Together, these conditions tell us that the Markov chain has what’s called a stationary distribution.4 It’s a probability distribution over every point and possible color on the canvas. It tells you how often you will paint a particular dot, on average, if you keep painting forever. If Sam’s table meets these first two conditions, then we can prove that it has a stationary distribution, and we can even prove that its stationary distribution is unique. At that point, it only has to meet one more condition: its stationary distribution must be a painting of La Grande Jatte.

What’s neat about this is that none of the individual transition probabilities know much about the painting. It’s only when they get together and “talk” to one another for a while that they start to realize what’s actually going on.5 That’s what Gibbs sampling allows.

The Catch

The difficult part of using Markov chains this way is figuring out the transition probabilities. How many coordinates and color codes would you need to create an adequate representation of a Seurat painting? I’m not sure, but I bet it’s a number with a lot of zeros at the end. Call it N. And to create the full transition table, you’d have to calculate and store probabilities from each of those values to each of those values. That’s a big square table with N rows and columns. These numbers get mind-bogglingly huge for even relatively simple problems.

Gibbs sampling uses a clever trick to get around that issue. It’s based on the simple insight that you don’t have to change every dimension at once. Instead of jumping directly from one point and color to another — from (x_1, y_1, c_1) to (x_2, y_2, c_2) — you can move along one dimension at a time, jumping from (x_1, y_1, c_1) to (x_2, y_1, c_1) to (x_2, y_2, c_1) to (x_2, y_2, c_2), and so on. It turns out that calculating probabilities for those transitions is often much easier and faster — and the stationary distribution stays the same.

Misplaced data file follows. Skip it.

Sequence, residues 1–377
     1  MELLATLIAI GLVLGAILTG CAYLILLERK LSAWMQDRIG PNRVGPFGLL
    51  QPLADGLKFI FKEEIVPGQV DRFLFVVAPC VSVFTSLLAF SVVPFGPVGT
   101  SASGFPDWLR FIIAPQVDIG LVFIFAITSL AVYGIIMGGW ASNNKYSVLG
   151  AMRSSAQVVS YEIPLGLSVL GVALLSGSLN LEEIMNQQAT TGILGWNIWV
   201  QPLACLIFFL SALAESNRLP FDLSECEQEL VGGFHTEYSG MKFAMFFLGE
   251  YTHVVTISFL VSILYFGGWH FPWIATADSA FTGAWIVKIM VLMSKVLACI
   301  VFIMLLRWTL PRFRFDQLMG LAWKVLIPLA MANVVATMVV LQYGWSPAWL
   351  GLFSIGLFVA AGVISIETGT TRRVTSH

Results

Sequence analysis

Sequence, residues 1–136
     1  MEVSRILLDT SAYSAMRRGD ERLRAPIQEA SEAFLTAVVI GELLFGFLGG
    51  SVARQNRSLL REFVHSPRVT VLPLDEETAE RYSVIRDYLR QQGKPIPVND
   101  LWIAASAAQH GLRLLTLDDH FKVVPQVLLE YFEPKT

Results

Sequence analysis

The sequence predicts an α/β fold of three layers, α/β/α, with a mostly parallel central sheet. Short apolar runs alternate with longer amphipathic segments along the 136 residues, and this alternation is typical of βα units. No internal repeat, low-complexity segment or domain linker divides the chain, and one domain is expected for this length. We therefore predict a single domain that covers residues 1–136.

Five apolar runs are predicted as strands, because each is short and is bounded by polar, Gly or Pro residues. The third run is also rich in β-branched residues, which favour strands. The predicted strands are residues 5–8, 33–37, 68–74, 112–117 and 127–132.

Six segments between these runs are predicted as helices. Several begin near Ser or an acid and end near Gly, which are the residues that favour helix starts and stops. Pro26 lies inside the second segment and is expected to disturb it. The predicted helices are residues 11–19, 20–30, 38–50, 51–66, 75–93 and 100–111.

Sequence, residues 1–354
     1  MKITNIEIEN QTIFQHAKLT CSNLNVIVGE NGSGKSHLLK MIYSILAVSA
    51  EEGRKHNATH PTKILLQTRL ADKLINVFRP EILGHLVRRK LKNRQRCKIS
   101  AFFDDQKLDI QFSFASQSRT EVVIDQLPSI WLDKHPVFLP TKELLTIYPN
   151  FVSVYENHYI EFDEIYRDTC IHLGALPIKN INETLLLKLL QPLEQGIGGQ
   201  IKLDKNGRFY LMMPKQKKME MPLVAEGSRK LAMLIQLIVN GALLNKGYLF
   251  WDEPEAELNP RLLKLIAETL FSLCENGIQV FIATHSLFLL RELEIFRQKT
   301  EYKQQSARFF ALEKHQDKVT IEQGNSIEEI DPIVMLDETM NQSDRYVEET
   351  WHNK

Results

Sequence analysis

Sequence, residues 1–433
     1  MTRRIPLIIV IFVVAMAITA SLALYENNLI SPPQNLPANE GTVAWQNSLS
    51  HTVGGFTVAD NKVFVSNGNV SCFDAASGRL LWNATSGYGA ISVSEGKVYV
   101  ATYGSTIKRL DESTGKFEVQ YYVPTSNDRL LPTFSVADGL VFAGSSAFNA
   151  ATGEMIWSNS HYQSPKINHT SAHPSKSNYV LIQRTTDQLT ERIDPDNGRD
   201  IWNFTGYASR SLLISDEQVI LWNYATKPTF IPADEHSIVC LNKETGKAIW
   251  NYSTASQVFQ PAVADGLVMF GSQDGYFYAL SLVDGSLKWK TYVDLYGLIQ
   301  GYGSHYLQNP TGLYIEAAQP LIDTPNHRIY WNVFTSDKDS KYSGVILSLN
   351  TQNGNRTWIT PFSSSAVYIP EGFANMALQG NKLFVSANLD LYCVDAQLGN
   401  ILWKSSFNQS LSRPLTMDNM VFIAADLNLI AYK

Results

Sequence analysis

The skeleton of a ten-dimensional hypercube.
See this crazy incomprehensible rat’s nest? It’s the skeleton of a topic hypercube for a corpus just ten words long.

In effect, this means that although you might not be able to calculate all the transition probabilities in the table, you can calculate all the relevant translation probabilities pretty easily. This makes almost no practical difference to you as you paint La Grande Jatte. It just means you do three lookups instead of one before painting the next dot. (It also might mean you don’t paint the dot every time, but only every fifth or tenth time, so that your dots aren’t too tightly correlated with one another, and come closer to being genuinely independent samples from the stationary distribution.)

In the context of the LDA model, this means that you don’t have to leap from one set of hypothetical topic labels to an entirely different one. That makes a huge difference now, because instead of working with a canvas, we’re working with a giant topic hypercube with a dimension for every single word in the corpus. Given that every word is labeled provisionally with a topic, we can just change each topic label individually, over and over, using transition probabilities from this formula that some really smart people have helpfully derived for us. And every time we save a set of topic labels, we’ve painted a single dot on the canvas of La Grande Jatte.6

So What?

I began this post with a promise that you’d get something valuable out of this explanation of Gibbs sampling, even though it isn’t part of the core of LDA. I’m going to offer three brief payoffs now, which I hope to expand in later posts.

First, most implementations of LDA use Gibbs sampling, and at least some of the difficulties that LDA appears to have — including some identified by Ben Schmidt — are probably more related to issues with Gibbs sampling than with LDA. Think back to the requirement that to have a stationary distribution, a Markov chain has to be able to reach every possible state from every other possible state. That’s strictly true in LDA, because the LDA model assumes that every word has a nonzero probability of appearing in every topic, and every topic has a nonzero probability of appearing in every document. But in some cases, those probabilities are extremely small. This is particularly true for word distributions in topics, which tend to be very sparse. That suggests that although the Markov chain has a stationary distribution, it may be hard to approximate quickly, because it will take a very long time for the chain to move from one set of states to another. For all we know, it could take only hours to reach a result that looks plausible, but years to reach a result that’s close to the actual stationary distribution. Returning to the Grand Jatte example, this would be a bit like getting a really clear picture of the trees in the upper-right-hand corner of the canvas and concluding that the rest must be a picture of a forest. The oddly conjoined and split topics that Schmidt and others have identified in their models seem a little less mysterious once you understand the quirks of Gibbs sampling.